Viewing Activities
NEWTON'S APPLE CLASSICS
Nutrition #112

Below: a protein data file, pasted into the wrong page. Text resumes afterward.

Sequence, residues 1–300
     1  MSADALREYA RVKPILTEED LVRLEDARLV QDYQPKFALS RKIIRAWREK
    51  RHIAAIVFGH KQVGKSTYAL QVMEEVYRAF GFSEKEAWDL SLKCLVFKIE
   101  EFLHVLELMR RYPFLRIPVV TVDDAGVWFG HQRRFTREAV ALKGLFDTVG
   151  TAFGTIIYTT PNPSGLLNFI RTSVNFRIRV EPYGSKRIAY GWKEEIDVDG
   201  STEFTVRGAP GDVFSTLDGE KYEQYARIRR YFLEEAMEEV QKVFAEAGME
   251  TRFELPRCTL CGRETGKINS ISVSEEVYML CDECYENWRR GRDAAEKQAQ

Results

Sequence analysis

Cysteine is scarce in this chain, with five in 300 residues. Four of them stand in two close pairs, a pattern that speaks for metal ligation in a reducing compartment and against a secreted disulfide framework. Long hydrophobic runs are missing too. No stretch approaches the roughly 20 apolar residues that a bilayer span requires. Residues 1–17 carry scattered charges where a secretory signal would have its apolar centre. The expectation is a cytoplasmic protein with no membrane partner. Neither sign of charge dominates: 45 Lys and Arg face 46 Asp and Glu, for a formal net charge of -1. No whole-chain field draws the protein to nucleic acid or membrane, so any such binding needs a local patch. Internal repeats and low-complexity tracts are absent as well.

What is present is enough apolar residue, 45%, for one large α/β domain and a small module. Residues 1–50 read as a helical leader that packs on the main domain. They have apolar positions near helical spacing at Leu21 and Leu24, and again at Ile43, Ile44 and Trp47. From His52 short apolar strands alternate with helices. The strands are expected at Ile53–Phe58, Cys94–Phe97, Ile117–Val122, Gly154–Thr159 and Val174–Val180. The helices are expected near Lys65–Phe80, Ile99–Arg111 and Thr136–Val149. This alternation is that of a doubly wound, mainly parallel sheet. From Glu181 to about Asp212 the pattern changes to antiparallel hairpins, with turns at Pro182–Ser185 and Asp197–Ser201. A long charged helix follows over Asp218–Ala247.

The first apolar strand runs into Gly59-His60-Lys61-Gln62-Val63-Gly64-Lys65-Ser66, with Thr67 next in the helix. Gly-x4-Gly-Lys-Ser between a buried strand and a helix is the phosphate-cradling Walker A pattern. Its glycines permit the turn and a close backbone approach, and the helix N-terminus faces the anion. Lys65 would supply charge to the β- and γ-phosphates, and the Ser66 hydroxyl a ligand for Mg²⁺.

Begin tape immediately following mailbag question in section two. Visual is Ira reading letter; audio is, "What is used to determine the number of calories in various foods and drinks?" Provide students an opportunity to validate their answers as you PAUSE tape on visual of Dr. Jones and Ira with apparatus "burning" calories; audio is Dr. Jones saying, "Enzymes enable heat calories to be released so the body can use them for body heat and energy." Write definition of calorie on chalkboard. Explain: the scientific definition is a metric unit expressing the amount of energy required to raise the temperature of 1 kg of water by 1 degree C. Say, "How would you describe a calorie in your own terms?" Allow for responses leading discussion to an understanding that a calorie is a measure of energy available in a food. Instruct students to record this concept on their notebook paper. Distribute a calorie counter to each group of four students. Explain how a calorie counter is used, then have groups choose a favorite snack they believe is high in calories and another they think is low in calories. Say, "Use the calorie counter to learn the actual calorie count of your selected snacks." Allow time for completion of the task. Appoint a volunteer to record on chalkboard as each group shares what it discovered about the high and low calorie snacks. Use information on chalkboard as a base for students to order the lists from healthiest to least healthy snacks as related to proper nutrition.